Knowing the proper Pilates modifications can give newcomers or those recovering from injury the confidence they need to join a group Pilates class or add Pilates-based exercises to their current fitness routine. Seek out the advice of a trained instructor if you are unsure of a modification or position to get the most out of your program and develop the strength you need.
If you are new to Pilates, it is important to take modifications when necessary to help you keep form and alignment and protect you from injury. For abdominal exercises such as the Hundred, keep your knees bent into your chest until you develop the abdominal strength to extend your legs. Put a knee on the floor for straight and side planks if you feel tension in your lower back or drop down onto your forearms to protect your wrists. Shorten up your range of motion for supine leg circles and the side-lying series.
The core work of Pilates requires abdominal strength and can leave newcomers with pain and tension in their neck. To support your neck during ab work, keep your hands behind your head with your elbows wide as you curl up, or use a Pilates ring behind your neck. With your head through the ring, hold on to the top of it, pulling up as you curl. To keep your neck in line during planks and pushups, keep your gaze several inches in front of your mat and think about dropping your shoulders down and together.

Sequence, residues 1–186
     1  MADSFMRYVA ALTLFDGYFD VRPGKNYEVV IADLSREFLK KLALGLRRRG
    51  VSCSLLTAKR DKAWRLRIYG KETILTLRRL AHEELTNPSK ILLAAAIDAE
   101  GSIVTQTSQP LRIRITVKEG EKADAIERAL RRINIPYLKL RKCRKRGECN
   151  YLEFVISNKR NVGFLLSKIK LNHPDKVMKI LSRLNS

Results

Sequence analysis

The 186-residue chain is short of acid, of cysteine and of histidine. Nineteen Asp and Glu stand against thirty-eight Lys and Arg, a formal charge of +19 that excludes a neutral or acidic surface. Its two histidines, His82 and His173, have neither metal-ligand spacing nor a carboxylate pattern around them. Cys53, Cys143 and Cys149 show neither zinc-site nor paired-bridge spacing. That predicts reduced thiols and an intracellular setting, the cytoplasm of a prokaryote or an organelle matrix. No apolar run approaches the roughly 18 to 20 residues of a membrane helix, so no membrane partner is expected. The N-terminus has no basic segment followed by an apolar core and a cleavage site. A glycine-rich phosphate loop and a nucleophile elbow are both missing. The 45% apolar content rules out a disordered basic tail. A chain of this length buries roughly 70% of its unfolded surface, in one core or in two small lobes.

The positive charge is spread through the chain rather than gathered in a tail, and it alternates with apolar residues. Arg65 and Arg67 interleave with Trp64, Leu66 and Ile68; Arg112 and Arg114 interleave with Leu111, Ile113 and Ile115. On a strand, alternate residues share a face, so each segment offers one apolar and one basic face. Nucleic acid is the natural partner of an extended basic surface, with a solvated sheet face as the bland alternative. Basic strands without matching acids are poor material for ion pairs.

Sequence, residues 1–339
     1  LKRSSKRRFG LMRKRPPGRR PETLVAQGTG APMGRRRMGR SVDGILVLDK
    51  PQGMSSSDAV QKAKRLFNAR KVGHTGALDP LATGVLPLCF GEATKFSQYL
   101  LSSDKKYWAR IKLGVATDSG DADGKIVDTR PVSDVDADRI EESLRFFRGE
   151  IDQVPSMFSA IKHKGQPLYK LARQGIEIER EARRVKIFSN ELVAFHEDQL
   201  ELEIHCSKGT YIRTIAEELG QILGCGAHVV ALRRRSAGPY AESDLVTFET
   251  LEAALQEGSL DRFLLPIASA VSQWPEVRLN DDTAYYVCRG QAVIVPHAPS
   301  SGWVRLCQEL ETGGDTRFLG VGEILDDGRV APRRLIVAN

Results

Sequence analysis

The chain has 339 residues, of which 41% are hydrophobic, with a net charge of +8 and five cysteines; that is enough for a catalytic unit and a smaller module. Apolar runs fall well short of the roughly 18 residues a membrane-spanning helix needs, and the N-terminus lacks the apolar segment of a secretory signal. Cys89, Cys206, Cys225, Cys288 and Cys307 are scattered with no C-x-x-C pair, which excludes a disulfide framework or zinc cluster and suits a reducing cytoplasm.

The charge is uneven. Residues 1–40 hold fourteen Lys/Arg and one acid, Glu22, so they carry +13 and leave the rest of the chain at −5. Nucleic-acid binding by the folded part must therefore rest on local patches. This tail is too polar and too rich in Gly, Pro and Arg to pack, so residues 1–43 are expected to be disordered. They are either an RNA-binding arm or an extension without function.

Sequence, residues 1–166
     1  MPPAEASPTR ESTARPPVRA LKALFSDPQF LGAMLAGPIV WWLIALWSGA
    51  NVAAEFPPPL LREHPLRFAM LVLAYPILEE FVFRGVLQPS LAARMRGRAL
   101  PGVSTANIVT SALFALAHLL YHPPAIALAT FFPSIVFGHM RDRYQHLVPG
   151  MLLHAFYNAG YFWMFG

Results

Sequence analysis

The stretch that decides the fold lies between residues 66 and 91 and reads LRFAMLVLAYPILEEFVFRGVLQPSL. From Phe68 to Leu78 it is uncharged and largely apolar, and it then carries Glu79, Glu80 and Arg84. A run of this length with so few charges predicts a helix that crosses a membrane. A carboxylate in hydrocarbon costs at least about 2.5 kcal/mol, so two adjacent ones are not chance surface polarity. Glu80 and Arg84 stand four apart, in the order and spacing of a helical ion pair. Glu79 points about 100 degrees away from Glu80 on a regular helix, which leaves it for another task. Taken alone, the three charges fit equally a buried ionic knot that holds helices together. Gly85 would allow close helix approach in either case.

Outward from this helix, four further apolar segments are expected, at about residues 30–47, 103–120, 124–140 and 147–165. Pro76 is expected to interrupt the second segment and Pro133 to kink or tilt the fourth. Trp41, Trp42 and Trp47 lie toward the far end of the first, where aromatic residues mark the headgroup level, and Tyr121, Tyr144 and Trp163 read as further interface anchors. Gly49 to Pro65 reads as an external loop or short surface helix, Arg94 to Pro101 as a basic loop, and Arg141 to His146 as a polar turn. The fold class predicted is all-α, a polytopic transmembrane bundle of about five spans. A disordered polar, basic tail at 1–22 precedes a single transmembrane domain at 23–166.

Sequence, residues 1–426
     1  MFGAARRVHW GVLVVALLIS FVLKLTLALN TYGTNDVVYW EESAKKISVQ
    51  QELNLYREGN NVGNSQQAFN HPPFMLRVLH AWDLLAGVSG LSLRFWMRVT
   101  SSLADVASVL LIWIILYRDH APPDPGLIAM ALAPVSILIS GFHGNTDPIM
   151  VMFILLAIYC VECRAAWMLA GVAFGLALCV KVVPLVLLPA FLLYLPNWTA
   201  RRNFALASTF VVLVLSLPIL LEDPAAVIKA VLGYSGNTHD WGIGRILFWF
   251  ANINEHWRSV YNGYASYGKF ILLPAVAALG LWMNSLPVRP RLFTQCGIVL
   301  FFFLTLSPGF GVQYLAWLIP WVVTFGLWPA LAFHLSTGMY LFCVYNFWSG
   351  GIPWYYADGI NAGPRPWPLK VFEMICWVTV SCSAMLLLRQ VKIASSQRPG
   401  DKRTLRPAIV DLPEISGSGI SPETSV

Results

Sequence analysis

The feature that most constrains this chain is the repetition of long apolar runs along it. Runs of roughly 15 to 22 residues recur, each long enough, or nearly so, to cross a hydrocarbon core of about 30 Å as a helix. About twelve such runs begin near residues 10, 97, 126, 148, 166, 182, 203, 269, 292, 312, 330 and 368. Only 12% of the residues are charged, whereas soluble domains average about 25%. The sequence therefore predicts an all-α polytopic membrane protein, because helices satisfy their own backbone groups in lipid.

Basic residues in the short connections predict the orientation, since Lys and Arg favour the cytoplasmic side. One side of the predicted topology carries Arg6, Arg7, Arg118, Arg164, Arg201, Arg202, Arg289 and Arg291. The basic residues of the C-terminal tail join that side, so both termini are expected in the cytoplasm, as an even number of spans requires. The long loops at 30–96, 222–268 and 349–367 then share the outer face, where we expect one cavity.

If your spine is tight, try bending your knees for exercises that you are required to move through your spine like the Roll-Up, Roll-over and Jackknife. For low back strengthening movements such as swimming, begin with lifting only one section of the body at a time. Start with lifting just your arms, then just your legs, or lift the opposite arm and leg. Be sure to take counter stretches such as the Cat/Cow or Child's pose to release any low-back tension that may have occurred with movement.
The Pilates ring, fitness ball, and yoga block and strap can provide a great deal of options to modify traditional Pilates exercises. Use the ring to prop your legs off the floor for abdominal work, or place a foot in the ring to assist single leg movements. Sit on a yoga block to help lengthen the spine or use it for forward-bending exercises to bring the floor closer to you. Lie over a fitness ball for side-lying exercises to support the spine, and use a yoga strap to help stretch the hamstrings and lower back.
- Jupiterimages/Brand X Pictures/Getty Images
- Workouts for the Inguinal Ligaments
- Yoga Poses: The Shoulder Stand
- Pilates for Piriformis and the Gluteus Medius
- Bender Ball Core Exercises
- Pilates Reformer Exercises for the Waist & Bra Fat
- Pilates Exercises for the Abs, Arms, & Thighs
- What Types of Exercises Require Foam Mats?
- How to Work Out for a Flat, but Not Ripped Stomach